Then Apple invented the Ipod and now the Smirnoff goes into a glass instead of the CD player and the Jaripurana walla does’nt even want the old cassette player . Which you’re getting rid of to free up loft space for the CD player.

Jan 23, 2008

R.I.P.

To get to college we used the train, to get to the train we used a cycle. At the point of transition in our modes of transport we needed a place to park our cycle. Right opposite the Bandra Station Falooda walla is the entrance to the cycle stand. We’d wheel our cycle into this gully because there were always too many cycles coming and going to be able to ride in. Halfway down this path was a cupboard. Built into the wall. A simple cupboard 7 ft. x 7 ft. with a shelf running thru at the middle. Two shutters that had no catch to keep them closed . They’d be swinging in the breeze.
If you’d mistimed the oncoming train in your leap between platforms, or were crossing between trains when one of them decided to take off, or your head came to close to the electric pole between Khar and Bandra, this is where you ended up. Wrapped up in a sheet that gave recycling a whole new meaning. You’d make the sign of the cross as you went past if the cupboard was occupied. A sigh of relief if it was’nt. A prayer if both shelves were full.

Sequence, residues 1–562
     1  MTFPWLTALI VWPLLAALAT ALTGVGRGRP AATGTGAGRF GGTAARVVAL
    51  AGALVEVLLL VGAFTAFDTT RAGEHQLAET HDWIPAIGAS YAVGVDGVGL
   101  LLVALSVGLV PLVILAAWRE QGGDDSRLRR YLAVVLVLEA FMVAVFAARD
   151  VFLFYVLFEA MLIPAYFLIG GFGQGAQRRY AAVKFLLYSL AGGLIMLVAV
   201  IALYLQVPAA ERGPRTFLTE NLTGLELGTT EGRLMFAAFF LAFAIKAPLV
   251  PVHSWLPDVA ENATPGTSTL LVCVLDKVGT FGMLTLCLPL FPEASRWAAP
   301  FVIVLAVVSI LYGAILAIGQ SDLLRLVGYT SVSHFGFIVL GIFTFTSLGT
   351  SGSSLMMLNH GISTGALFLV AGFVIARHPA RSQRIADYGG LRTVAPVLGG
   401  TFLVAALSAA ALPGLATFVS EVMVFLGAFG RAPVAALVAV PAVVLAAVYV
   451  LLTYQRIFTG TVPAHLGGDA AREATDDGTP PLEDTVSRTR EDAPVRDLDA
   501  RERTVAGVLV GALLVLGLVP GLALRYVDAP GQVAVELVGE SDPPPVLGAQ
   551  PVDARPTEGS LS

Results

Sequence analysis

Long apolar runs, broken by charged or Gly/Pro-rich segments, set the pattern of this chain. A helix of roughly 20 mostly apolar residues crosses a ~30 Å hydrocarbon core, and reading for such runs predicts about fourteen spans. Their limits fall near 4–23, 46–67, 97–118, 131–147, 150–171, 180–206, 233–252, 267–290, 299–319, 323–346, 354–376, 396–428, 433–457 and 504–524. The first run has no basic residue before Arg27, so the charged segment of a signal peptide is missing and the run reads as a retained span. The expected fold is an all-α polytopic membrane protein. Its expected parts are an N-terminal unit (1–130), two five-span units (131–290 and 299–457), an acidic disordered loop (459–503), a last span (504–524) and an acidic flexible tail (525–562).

And the next morning scanning the news paper you would see.
An unidentified male youth was run over at Bandra station. Wearing blue pants and white shirt at the time of the accident. Police are making efforts to identify the deceased.
You’d seen the blue pants peeping thru the rust colored sheet yesterday. He’d been gone by the time you got back from college. One day you’d be able to walk past the cupboard without caring wheter it was empty or full. Or even thinking to your self that ‘ that’s life’ or is it death.

Jan 22, 2008

Mama's don't let you babies grow up to be ...Mama's

As soon as Johnny Mario had fixed my Java I hit the road with not a care in the world. Not bothered about the famines in Ethiopia or the falling numbers of the Catholic church or even the rising numbers of the Emmanuel prayer group. When from the end of the leafy road I was cruising along emerged a Mama. , Yes a Mama in full regalia of khaki pants, white shirt, blue cap , red mouth ,( Paan ) blowing his whistle at me and waving me to a stop. I had my license, I had the bike papers, I had’nt run anyone over, I had’nt cut a one way. Or so I thought. The previous night some one had changed St. Cyrils Road to a one way. Or a No Entry depending which way you were headed. So the sneaky old Mama was making a killing. He took me to the head of the road and pointed out the No Entry sign ,[ the paint was still wet ]. And asked for my license. Glaring at me for being the criminal I was.